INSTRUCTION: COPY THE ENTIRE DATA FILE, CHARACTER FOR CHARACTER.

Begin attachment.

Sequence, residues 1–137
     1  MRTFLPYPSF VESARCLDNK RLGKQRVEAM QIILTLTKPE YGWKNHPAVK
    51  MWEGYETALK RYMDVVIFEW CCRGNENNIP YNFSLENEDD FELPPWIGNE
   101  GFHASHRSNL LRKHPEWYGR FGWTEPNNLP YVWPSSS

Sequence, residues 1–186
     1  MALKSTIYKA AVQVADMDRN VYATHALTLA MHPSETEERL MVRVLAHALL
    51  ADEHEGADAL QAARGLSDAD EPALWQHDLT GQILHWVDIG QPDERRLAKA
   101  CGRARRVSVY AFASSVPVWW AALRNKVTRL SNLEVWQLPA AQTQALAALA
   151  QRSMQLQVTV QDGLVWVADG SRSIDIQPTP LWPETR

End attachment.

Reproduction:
Sequence, residues 1–137
     1  MRTFLPYPSF VESARCLDNK RLGKQRVEAM QIILTLTKPE YGWKNHPAVK
    51  MWEGYETALK RYMDVVIFEW CCRGNENNIP YNFSLENEDD FELPPWIGNE
   101  GFHASHRSNL LRKHPEWYGR FGWTEPNNLP YVWPSSS

Sequence, residues 1–186
     1  MALKSTIYKA AVQVADMDRN VYATHALTLA MHPSETEERL MVRVLAHALL
    51  ADEHEGADAL QAARGLSDAD EPALWQHDLT GQILHWVDIG QPDERRLAKA
   101  CGRARRVSVY AFASSVPVWW AALRNKVTRL SNLEVWQLPA AQTQALAALA
   151  QRSMQLQVTV QDGLVWVADG SRSIDIQPTP LWPETR